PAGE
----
Saturday, 12 April 2014

Dyeing–Introduction

One of the essential features of my new ARTHaven when I was designing and planning it, was to have a sink with running water, and a microwave. This picture was taken before the work was finished.

03 Microwave on Shelf

I now have a table in front of the balcony door from which to work – this is moveable and can also take up residence in my ARTHaven proper if necessary. My intention is to fix a drying rack above the sink – the previous owner of the house left behind a steel saucepan rack (Ikea, I think), and once I have sawn the rails to length, I shall fix a bracket over the microwave and the rails will enable me to suspend skeins of yarn by hooks so that they can drip into the sink. In the meantime, I can use the airer in the utility room.

Many years ago I did some experiments with acid dyes and woollen yarn, but this remained very inconvenient to pursue until I had a better setup, so it all got set aside and packed away. Ever since I got established in my new ARTHaven I have wanted to revive this activity, and this has now become more urgent because I am running out of the chestnut brown yarn for my knitting project. I am now in frugal/recycling mode and if I can dye some yarn to the required shade rather than buying it, I shall be well pleased. A while back I bought a large cone of unbleached 4-ply machine knitting wool just for this purpose.

I have set out my acid dyeing equipment on the table:

01 Dyeing Equipment

I also have some Procion (reactive) dyes for use with cellulose fibres (vegetable fibres, e.g. cotton) but for the moment I am concentrating on acid dyes which work best for protein fibres such as wool.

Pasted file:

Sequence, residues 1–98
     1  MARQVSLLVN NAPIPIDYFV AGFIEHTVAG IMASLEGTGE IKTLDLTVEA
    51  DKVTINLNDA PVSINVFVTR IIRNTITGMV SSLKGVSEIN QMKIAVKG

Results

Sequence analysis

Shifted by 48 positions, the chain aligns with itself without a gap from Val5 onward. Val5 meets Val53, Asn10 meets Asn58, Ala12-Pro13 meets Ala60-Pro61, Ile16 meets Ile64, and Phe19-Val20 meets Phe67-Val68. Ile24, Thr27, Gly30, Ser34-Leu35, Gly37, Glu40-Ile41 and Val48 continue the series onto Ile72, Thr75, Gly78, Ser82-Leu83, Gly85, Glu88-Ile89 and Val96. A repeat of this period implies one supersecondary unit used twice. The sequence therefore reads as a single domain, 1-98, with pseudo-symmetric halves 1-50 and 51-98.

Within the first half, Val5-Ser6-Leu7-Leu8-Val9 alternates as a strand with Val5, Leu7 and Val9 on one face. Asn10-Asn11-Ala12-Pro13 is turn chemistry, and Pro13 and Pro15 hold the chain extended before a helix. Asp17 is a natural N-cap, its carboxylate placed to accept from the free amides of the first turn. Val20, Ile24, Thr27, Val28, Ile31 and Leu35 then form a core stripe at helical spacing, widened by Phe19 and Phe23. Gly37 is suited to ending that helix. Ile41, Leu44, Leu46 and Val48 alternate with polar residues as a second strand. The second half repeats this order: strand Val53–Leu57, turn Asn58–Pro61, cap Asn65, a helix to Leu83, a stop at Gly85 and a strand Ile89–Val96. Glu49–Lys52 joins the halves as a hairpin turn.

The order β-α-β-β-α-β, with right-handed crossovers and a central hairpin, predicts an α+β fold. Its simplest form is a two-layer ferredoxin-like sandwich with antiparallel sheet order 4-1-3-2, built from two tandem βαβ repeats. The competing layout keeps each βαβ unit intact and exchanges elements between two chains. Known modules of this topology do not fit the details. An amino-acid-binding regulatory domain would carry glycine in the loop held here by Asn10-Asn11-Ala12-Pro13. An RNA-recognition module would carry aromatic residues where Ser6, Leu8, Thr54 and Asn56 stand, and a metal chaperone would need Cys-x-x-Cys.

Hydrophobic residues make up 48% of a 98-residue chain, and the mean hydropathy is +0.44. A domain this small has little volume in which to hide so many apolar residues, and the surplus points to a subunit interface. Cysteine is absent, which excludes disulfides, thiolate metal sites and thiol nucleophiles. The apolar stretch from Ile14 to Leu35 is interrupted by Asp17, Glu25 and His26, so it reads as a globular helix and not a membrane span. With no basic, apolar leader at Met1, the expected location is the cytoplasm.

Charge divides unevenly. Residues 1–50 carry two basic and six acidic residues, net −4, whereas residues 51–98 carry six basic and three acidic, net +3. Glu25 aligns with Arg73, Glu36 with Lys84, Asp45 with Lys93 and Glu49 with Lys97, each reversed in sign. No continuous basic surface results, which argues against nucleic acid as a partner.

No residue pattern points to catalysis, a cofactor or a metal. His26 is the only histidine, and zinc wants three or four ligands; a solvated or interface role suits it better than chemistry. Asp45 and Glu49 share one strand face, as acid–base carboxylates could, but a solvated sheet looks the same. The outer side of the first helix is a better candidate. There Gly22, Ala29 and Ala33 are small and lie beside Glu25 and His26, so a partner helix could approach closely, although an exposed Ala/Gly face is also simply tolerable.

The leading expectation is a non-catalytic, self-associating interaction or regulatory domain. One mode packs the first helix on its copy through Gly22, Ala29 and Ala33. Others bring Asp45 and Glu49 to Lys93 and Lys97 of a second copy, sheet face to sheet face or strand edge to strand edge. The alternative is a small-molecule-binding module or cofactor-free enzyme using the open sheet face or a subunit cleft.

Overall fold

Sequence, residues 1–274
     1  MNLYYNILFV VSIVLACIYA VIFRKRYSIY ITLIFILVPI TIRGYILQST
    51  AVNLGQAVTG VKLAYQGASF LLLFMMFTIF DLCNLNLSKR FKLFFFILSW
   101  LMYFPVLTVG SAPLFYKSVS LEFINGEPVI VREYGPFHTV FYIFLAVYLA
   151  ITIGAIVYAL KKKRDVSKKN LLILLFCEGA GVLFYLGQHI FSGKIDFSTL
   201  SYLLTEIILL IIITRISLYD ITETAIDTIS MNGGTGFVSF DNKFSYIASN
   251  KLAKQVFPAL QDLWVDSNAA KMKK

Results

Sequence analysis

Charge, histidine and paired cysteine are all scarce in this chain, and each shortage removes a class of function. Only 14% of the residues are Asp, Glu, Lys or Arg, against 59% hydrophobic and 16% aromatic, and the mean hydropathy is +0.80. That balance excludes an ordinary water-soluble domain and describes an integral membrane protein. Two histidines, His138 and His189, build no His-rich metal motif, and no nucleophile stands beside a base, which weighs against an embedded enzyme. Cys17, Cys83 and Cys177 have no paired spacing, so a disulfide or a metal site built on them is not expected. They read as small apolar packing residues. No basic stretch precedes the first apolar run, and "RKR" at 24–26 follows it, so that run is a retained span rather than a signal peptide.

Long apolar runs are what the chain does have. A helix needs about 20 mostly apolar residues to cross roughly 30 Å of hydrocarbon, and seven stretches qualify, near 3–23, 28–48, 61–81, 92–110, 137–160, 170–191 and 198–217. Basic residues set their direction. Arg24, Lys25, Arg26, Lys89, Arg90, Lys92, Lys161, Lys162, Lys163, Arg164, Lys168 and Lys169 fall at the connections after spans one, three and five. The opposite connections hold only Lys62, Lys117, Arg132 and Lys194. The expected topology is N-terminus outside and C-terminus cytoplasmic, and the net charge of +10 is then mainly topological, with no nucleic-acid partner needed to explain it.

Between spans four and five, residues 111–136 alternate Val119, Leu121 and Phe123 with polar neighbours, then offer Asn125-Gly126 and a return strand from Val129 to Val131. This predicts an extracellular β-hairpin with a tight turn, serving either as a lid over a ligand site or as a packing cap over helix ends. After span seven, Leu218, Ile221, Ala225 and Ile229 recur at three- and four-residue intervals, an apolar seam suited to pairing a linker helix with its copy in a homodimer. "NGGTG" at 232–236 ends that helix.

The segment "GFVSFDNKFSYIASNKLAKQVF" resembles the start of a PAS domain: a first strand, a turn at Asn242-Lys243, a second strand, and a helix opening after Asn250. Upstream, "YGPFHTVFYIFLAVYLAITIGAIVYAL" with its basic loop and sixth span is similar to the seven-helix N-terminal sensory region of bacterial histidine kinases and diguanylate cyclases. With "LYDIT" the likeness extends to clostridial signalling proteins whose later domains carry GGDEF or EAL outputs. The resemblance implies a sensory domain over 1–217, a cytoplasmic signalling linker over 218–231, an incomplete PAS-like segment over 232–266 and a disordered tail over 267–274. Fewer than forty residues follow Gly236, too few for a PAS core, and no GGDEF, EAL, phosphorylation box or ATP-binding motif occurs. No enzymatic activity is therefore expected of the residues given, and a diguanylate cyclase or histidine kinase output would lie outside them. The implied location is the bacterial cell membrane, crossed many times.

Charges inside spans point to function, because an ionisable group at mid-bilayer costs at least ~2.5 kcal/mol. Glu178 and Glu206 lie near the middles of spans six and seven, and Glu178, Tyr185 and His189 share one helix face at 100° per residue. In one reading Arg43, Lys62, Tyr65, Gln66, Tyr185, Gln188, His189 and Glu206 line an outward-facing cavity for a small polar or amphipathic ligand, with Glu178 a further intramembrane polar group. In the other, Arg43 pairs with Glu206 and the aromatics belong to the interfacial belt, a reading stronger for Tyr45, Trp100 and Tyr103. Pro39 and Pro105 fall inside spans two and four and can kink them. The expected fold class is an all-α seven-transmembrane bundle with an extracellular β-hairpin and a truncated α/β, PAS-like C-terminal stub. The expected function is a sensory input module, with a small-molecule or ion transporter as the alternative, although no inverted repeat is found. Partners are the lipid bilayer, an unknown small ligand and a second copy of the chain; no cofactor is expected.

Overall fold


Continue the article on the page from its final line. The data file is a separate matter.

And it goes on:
You might ask why I am using chemical dyes rather than natural dyes which produce such gorgeous subtle colours. The answer is that chemical dyes are very much more convenient to use, and it is possible to get repeatable results, which are not possible with natural dyes. Also, the process of natural dyeing is more complicated, with the addition of different mordants (dyebath additives that enable the dyes to “bite” into the fibres and become fast) for different materials, and to produce different colours from the same materials. The dye materials have to be sourced and gathered, often in quite large quantities in order to produce sufficient colour, and the whole process is a lot more messy and takes up a lot more room. Chemical dyes are very sophisticated these days, and while the basic unmixed colours can seem very harsh, especially at full strength, with careful blending and at greater dilutions, the most beautiful and subtle shades can be created, every bit as attractive as the colours produced by natural dyes, without the hassle.

When I made my initial foray into dyeing all those years ago, I bought this excellent book which explains how the different types of dye work, and how to use them in the small, non-industrial craft-room setting. As far as I know it is no longer in print, but there are many similar books on the market.